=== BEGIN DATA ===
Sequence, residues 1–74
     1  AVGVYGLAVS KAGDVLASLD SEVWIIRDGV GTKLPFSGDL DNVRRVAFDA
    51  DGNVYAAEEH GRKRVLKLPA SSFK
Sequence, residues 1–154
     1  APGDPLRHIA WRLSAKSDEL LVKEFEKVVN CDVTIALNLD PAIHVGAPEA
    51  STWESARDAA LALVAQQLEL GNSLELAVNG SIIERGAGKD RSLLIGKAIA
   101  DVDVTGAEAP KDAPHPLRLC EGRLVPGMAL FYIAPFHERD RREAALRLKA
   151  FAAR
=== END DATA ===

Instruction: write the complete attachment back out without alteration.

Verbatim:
Sequence, residues 1–74
     1  AVGVYGLAVS KAGDVLASLD SEVWIIRDGV GTKLPFSGDL DNVRRVAFDA
    51  DGNVYAAEEH GRKRVLKLPA SSFK
Sequence, residues 1–154
     1  APGDPLRHIA WRLSAKSDEL LVKEFEKVVN CDVTIALNLD PAIHVGAPEA
    51  STWESARDAA LALVAQQLEL GNSLELAVNG SIIERGAGKD RSLLIGKAIA
   101  DVDVTGAEAP KDAPHPLRLC EGRLVPGMAL FYIAPFHERD RREAALRLKA
   151  FAAR